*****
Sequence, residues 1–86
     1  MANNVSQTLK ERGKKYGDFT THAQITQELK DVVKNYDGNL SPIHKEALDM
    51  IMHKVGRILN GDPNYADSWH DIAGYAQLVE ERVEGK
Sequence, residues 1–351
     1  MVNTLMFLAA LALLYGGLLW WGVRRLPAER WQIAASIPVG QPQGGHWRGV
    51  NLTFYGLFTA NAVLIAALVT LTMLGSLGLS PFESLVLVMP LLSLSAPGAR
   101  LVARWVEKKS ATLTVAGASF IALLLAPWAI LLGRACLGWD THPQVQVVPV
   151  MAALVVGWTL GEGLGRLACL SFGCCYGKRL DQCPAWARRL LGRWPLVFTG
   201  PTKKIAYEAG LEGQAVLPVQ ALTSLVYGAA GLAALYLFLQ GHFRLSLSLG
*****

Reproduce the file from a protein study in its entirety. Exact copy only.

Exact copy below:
Sequence, residues 1–86
     1  MANNVSQTLK ERGKKYGDFT THAQITQELK DVVKNYDGNL SPIHKEALDM
    51  IMHKVGRILN GDPNYADSWH DIAGYAQLVE ERVEGK
Sequence, residues 1–351
     1  MVNTLMFLAA LALLYGGLLW WGVRRLPAER WQIAASIPVG QPQGGHWRGV
    51  NLTFYGLFTA NAVLIAALVT LTMLGSLGLS PFESLVLVMP LLSLSAPGAR
   101  LVARWVEKKS ATLTVAGASF IALLLAPWAI LLGRACLGWD THPQVQVVPV
   151  MAALVVGWTL GEGLGRLACL SFGCCYGKRL DQCPAWARRL LGRWPLVFTG
   201  PTKKIAYEAG LEGQAVLPVQ ALTSLVYGAA GLAALYLFLQ GHFRLSLSLG